Basics of Using R
Any packages needed for your analysis must be loaded at the beginning of each session in R. To load a package, type at the command prompt:
You can obtain information about a package (e.g. its authors, a description of what it does, an index of functions) by typing at the command prompt:
You can also get information about specific functions within packages. For example, if you wanted help with the phylogenetically independent constrasts function, pic, you could type:
This command will open a help window with a description of the function and typically an example of how to use it.
To find all documents relating to phylogenetic methods, you could enter:
Changing working directory
It is useful to keep files associated with analyses in R in a working directory (a folder on your computer). To access this directory, you can use the menu options (File->Change dir.. for Windows and Misc->Change Working Directory on Macs). After changing to your working directory, you can ask R to retrieve input data from this folder (see inputting trees and inputting data). Also, any items you save will automatically go to this directory.
Saving your work
Analyses in R involve the creation and manipulation of objects (see intro to R), which in the case of comparative analyses might include phylogenetic trees and tip data. You can save the objects created during an R session in several ways. Mac users can select Save Workspace File from the Workspace menu, and PC users can select Save Workspace from the File Menu. Alternately, you can type:
This command will save your work in your current directory. When you re-open R, you can load these object by typing:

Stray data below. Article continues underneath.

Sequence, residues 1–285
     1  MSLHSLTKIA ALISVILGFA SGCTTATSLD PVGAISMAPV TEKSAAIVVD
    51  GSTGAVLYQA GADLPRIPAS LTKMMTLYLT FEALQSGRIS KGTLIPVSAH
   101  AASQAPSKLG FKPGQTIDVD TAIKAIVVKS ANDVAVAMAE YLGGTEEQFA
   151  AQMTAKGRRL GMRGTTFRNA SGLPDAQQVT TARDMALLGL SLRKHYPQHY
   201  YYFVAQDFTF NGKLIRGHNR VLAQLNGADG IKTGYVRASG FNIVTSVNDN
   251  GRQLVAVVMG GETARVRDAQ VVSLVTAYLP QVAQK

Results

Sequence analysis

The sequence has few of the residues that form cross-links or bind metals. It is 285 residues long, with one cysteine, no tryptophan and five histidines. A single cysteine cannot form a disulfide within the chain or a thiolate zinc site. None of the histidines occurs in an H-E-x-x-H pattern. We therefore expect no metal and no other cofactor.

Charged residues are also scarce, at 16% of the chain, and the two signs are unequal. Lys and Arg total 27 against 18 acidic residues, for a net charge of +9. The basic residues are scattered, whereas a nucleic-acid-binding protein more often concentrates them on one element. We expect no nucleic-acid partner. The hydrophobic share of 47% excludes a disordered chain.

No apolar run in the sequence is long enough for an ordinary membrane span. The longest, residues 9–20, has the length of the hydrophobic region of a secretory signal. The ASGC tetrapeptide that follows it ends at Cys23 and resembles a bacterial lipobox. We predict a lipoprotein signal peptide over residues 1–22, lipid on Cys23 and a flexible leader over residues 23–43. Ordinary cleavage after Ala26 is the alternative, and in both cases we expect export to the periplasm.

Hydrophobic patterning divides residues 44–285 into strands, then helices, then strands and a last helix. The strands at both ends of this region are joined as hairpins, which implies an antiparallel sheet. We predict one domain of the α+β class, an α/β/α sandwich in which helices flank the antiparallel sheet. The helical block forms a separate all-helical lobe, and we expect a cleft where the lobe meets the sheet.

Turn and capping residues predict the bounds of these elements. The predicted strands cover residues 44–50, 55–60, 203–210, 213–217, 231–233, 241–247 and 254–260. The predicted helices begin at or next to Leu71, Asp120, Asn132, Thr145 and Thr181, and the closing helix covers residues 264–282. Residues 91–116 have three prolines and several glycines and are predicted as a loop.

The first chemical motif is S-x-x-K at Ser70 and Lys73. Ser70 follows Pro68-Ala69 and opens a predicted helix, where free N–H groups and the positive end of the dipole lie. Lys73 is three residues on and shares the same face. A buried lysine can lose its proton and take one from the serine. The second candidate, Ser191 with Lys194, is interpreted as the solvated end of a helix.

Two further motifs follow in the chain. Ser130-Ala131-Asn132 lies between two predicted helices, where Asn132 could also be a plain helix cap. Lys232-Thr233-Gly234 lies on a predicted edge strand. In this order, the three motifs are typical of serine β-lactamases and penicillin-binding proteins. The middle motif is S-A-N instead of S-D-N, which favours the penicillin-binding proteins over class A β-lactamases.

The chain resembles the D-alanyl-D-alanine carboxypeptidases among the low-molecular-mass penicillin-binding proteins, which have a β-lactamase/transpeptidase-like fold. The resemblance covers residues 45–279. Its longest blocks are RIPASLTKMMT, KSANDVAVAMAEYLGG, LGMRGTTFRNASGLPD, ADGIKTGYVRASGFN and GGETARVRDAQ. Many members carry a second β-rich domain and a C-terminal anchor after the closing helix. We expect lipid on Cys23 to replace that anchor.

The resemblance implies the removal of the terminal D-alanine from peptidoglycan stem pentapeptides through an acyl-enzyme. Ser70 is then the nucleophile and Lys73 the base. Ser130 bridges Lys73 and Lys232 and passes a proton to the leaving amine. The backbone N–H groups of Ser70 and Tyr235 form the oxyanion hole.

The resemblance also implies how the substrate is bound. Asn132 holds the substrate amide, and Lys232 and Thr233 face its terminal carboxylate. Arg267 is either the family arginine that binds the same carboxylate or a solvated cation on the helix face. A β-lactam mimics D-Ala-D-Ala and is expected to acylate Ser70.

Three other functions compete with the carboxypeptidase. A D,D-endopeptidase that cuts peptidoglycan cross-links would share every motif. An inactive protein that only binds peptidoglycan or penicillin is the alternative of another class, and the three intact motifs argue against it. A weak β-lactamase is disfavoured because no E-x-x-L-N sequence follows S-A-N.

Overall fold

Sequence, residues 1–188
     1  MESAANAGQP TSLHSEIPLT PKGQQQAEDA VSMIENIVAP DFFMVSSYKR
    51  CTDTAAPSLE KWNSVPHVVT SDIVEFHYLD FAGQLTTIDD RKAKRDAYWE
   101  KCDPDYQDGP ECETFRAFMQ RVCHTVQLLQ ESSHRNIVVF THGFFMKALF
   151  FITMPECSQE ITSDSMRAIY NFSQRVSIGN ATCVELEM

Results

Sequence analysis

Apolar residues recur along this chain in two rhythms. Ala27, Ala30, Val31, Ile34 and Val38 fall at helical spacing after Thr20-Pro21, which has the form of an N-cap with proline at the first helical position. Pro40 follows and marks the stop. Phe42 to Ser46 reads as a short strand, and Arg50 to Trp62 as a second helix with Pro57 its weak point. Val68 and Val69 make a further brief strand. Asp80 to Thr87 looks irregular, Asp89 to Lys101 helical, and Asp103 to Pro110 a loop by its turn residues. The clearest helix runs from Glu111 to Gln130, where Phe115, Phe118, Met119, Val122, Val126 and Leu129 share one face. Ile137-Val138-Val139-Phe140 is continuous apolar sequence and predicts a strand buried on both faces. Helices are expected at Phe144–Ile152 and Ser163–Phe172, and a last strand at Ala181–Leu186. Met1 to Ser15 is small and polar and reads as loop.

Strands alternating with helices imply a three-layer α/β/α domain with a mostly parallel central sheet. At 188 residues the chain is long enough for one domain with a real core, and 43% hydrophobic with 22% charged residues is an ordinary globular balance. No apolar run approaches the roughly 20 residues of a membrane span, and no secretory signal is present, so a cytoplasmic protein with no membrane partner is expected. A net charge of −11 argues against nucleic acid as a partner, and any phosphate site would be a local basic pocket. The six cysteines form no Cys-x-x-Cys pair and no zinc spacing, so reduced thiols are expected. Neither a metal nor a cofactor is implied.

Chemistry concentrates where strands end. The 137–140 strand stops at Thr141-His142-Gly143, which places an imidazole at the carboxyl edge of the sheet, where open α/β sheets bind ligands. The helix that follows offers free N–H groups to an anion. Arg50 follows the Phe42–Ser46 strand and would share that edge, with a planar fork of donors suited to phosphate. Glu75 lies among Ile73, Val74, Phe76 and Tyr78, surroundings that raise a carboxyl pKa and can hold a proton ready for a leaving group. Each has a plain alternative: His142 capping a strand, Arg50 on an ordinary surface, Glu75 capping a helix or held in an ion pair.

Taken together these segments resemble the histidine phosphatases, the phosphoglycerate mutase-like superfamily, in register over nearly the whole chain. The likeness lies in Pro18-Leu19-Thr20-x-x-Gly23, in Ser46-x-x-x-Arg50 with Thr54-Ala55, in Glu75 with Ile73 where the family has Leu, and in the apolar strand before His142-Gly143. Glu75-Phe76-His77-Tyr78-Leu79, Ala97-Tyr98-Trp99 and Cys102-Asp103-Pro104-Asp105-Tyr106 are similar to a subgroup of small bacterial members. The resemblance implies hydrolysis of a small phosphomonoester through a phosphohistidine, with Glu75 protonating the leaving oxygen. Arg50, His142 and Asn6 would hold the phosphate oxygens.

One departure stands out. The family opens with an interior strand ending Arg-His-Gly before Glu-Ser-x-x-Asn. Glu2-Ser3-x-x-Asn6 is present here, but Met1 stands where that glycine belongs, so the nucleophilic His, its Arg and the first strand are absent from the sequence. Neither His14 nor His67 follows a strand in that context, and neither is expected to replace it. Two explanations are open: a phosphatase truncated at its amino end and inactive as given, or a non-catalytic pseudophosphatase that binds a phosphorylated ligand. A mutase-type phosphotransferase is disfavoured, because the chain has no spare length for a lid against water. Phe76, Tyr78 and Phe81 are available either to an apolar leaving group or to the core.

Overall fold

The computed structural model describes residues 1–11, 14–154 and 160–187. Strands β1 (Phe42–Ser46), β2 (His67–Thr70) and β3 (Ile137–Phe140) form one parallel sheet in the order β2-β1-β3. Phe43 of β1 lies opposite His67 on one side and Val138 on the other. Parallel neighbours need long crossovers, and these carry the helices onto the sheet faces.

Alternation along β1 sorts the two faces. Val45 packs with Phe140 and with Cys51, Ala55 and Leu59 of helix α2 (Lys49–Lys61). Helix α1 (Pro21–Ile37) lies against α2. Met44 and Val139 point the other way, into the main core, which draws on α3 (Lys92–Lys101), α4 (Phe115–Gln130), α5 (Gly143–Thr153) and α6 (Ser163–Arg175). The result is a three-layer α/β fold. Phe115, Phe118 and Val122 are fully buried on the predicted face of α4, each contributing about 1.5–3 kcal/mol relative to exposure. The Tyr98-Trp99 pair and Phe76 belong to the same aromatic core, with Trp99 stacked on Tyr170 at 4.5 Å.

Similarly, you can save the command input during the session as .Rhistory files. This history can be used as a script for repeating or modifying previous analyses (see below).
Many users will find it helpful to write a script containing their commands, so that the commands can be copied and pasted into the prompt instead of being typed in each time. R has a built-in editor that makes it easy to create and use scripts. For PC users, select New Script under the File menu. Commands typed into the scripts can be run by highlighting the commands in the script editor and using the CTRL+R or the Run Line or Selection button. Mac users can create scripts by opening a new document and can run commands by highlighting the commands and typing Apple+Return.
--Simonb 21:39, 17 March 2008 (EDT)The built-in text editor for Windows R is very rudimentary, although the MacOS editor has more features. Regular users may prefer a third-party GUI. I recommend Tinn-R for Windows and ESS (Emacs Speaks Statistics) for Unix/Linux. There is a lot of free documentation on the Comprehensive R Archive Network web site CRAN, and there are many books published on how to use R.
- Also see Rich Glor's page on the Bodega Applied Phylogenetics Workshop